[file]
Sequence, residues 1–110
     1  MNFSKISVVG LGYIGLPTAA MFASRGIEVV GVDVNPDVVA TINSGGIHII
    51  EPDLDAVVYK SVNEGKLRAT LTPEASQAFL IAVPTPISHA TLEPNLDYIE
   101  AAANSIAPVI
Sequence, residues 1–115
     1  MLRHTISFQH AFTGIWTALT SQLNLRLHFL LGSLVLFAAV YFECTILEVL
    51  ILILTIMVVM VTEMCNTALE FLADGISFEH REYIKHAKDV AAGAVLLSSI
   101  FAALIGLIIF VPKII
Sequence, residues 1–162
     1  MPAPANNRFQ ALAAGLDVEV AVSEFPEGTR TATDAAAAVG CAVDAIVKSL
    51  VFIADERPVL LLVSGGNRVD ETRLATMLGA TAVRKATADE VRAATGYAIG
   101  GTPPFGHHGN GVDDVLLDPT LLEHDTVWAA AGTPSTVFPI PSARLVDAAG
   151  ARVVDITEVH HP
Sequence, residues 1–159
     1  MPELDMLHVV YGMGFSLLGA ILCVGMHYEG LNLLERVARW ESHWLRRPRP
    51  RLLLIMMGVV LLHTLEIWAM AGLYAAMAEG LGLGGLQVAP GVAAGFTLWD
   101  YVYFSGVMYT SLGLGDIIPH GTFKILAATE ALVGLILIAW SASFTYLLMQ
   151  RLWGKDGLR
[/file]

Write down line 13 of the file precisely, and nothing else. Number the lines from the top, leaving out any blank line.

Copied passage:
   151  ARVVDITEVH HP